A guest blog from Stephen E. Lamar, AAFA President and CEO
We’ve long been discussing the pivot of our industry from a last mile focus to FIRST MILE thinking.
With the last mile, we had been concentrating on how to get goods to the customer – to cover that last mile to service folks who are increasingly shopping for the latest fashions at home. In an age of e-commerce and full omnichannel integration, this last mile equation is plenty complicated and demands a lot of our time.
But more demanding is the intense industry focus on the FIRST MILE – before the goods have even started their journey from concept to consumer. This is the point where we stop and ask ourselves key questions like:
- Is this a product my customer or the Planet needs?
- Am I making and shipping it in a responsible manner?
- How does this product align with my company’s ESG goals and values?
- Will I be able to properly support my supply chain partners and workers?
- And so on.
If the last mile determines whether our customer gets their products, the FIRST MILE determines whether they even want them in the first place. Moreover, in an age of circularity and sustainable consumption, this FIRST MILE takes on even more importance since the last mile loses its traditional meaning and all but disappears as goods are returned, recycled, reused, or repurposed.
A foundational dynamic enabling robust FIRST MILE thinking is the rebalancing of the buyer-supplier partnership.
The Pandemic cast a new light on many industry problems that had been festering, but never fully resolved. First among these were imbalances in the buyer-supplier relationship.
The old model vesting all power in the buyers and retailers was shaken as global store and factory closures and country lockdowns sent shock wave after shock wave through our industry’s supply chains. Companies have taken a fresh look at their supply chain partners with a new lens. As a result, a new normal – one that places suppliers and buyers on a more equal footing and builds supply chains around fewer, more dependable partners – has emerged and is accelerating.
This is good news for FIRST MILE thinking, as it now means greater alignment among the values and operations that are needed to sustain the industry’s push toward full traceability and transparency.
“Suppliers are still responsible for implementing buyer mandates, but they are no longer simply taking dictation.”
It also has huge ramifications for the corporate social responsibility world. For example, suppliers are still responsible for implementing buyer mandates, but they are no longer simply taking dictation. Rather, they are increasingly involved in the development of training and capacity building efforts to make sure mandates are fully funded and can be fully and responsibly implemented.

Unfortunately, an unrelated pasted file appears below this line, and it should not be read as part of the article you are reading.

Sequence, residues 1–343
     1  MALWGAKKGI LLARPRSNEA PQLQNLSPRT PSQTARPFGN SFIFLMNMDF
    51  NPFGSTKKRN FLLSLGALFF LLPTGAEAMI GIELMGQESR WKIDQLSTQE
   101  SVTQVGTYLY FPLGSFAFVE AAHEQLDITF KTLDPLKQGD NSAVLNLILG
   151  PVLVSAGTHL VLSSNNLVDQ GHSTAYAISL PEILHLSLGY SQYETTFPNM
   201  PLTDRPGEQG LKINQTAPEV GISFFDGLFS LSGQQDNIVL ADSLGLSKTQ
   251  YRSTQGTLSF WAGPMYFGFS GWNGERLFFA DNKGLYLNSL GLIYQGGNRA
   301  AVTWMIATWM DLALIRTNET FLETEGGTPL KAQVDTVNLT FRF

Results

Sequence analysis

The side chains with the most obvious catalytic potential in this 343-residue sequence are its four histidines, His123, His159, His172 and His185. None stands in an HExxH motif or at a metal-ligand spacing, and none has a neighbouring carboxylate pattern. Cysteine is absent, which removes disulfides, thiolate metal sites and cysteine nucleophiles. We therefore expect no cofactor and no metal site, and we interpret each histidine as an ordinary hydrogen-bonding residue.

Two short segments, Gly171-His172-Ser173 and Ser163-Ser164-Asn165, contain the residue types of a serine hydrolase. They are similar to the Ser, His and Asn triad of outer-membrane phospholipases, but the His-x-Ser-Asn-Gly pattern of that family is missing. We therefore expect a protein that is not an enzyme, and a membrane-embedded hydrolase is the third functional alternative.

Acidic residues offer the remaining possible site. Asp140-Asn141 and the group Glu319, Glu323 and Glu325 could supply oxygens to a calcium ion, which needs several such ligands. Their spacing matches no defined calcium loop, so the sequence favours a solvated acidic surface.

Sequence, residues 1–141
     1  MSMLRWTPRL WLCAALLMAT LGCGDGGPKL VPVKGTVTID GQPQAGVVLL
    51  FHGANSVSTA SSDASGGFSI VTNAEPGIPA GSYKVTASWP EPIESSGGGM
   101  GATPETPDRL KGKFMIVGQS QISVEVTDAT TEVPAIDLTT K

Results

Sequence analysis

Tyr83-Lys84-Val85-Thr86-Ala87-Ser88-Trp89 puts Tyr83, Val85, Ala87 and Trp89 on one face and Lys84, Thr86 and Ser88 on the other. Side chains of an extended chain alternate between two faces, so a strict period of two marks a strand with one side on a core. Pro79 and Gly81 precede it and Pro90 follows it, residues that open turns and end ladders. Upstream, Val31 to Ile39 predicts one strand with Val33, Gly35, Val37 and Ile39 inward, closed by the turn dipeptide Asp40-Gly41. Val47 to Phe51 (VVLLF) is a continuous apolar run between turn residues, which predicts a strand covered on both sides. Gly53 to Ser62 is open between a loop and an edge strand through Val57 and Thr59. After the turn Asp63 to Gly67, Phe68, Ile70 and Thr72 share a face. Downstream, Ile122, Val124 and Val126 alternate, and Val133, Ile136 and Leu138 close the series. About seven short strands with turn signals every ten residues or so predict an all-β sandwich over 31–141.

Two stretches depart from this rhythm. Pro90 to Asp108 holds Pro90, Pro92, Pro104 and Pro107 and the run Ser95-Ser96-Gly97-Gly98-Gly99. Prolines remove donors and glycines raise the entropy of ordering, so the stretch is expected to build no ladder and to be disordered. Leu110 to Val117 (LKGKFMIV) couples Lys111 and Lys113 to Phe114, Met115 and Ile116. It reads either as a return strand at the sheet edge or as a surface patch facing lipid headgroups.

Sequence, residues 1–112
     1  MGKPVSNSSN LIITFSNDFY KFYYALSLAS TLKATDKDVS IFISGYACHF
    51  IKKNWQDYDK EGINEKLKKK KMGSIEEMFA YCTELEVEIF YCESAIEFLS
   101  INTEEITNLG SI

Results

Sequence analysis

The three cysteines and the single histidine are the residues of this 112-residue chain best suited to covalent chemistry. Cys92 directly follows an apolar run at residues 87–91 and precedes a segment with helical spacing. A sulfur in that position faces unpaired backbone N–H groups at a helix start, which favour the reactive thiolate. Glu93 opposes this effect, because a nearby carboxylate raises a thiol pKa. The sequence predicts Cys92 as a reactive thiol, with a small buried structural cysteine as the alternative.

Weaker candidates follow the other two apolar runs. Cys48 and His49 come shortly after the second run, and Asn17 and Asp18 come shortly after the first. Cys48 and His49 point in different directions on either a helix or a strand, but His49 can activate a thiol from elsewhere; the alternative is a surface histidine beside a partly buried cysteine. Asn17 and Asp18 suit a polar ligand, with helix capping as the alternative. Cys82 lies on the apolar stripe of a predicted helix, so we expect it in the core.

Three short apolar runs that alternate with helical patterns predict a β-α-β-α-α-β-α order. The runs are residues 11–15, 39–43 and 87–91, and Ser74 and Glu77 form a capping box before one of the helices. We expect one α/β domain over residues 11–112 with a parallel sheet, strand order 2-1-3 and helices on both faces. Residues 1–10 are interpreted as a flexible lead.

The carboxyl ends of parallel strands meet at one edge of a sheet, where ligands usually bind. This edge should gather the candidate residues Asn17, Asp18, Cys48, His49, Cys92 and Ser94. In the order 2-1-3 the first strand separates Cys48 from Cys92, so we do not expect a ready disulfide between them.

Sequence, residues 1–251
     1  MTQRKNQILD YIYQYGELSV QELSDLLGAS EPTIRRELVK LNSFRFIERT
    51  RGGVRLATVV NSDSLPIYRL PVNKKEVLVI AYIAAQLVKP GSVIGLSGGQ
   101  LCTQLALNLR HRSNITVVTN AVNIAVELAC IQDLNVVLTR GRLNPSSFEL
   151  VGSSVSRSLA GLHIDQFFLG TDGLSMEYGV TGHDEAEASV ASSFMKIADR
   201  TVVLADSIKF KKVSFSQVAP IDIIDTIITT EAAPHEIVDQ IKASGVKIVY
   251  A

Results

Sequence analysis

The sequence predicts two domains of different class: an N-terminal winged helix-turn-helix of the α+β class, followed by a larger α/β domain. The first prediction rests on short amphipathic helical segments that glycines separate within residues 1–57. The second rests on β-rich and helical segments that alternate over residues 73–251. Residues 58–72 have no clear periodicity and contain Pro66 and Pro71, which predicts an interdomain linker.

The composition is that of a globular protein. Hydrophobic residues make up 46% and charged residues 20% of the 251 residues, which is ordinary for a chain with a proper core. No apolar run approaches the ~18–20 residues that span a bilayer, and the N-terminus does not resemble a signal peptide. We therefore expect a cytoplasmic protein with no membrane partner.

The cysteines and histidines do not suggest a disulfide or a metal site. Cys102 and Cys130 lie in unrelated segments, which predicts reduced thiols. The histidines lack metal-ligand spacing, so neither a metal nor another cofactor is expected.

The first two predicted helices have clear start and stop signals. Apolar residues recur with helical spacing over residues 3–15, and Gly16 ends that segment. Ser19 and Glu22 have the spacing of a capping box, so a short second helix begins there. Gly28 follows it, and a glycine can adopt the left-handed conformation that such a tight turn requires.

This shift also impacts policymakers, who often view supply chains as simple ways to convey their own legislative mandates.
No longer can legislators hope to outsource their policy making function with a push of a button or stroke of a pen and expect supply chains to do their bidding. Easy buttons will remain a temptation; however, smart policymakers will understand that reality is more complex and new requirements – particularly those that dig deep into supply chains – take time to be understood, interpreted, taught, and measured.
“It is often said that if we want to go fast we go alone but if we want to go far we should go together.”
Collectively this better-balanced buyer-supplier partnership means new traceability and transparency requirements – whether articulated by retailers or regulators – will take longer to implement. But they will have better staying power as supply chain partners will have more equal buy in and understanding of these requirements and a long-term interest in the shared success.
Confucius famously said that a journey of a thousand miles begins with a single step. It’s also often said that if we want to go fast we go alone, but if we want to go far we should go together.
Robust FIRST MILE thinking applied through the filter of this new supplier-buyer partnership does just that.
Stephen E. Lamar is President and CEO of the American Apparel & Footwear Association, the national trade association representing more than 1,000 brands in the apparel and footwear industry. Steve leads a dedicated team of professionals who represent AAFA members before the government, through the media, and in industry settings on key brand protection, supply chain and manufacturing, and trade issues. Steve also advises AAFA member companies on legislation and regulatory policies. Follow on Twitter @SteveWonk or LinkedIn. Learn more about AAFA with aafaglobal.org and @ApparelFootwear.